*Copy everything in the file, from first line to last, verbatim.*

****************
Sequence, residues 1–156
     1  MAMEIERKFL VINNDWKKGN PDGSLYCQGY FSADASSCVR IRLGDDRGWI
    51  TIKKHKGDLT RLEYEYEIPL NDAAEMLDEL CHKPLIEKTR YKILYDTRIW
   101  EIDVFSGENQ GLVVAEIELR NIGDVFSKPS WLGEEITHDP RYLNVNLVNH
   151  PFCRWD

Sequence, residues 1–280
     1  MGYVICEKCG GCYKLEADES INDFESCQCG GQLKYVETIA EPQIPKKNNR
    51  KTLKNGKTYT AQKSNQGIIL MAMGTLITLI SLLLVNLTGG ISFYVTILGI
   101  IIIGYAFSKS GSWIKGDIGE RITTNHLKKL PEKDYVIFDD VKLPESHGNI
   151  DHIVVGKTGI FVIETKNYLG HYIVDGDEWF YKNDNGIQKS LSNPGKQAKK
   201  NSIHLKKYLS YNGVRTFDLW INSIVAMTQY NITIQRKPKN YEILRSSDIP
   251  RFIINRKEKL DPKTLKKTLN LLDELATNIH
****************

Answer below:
Sequence, residues 1–156
     1  MAMEIERKFL VINNDWKKGN PDGSLYCQGY FSADASSCVR IRLGDDRGWI
    51  TIKKHKGDLT RLEYEYEIPL NDAAEMLDEL CHKPLIEKTR YKILYDTRIW
   101  EIDVFSGENQ GLVVAEIELR NIGDVFSKPS WLGEEITHDP RYLNVNLVNH
   151  PFCRWD

Sequence, residues 1–280
     1  MGYVICEKCG GCYKLEADES INDFESCQCG GQLKYVETIA EPQIPKKNNR
    51  KTLKNGKTYT AQKSNQGIIL MAMGTLITLI SLLLVNLTGG ISFYVTILGI
   101  IIIGYAFSKS GSWIKGDIGE RITTNHLKKL PEKDYVIFDD VKLPESHGNI
   151  DHIVVGKTGI FVIETKNYLG HYIVDGDEWF YKNDNGIQKS LSNPGKQAKK
   201  NSIHLKKYLS YNGVRTFDLW INSIVAMTQY NITIQRKPKN YEILRSSDIP
   251  RFIINRKEKL DPKTLKKTLN LLDELATNIH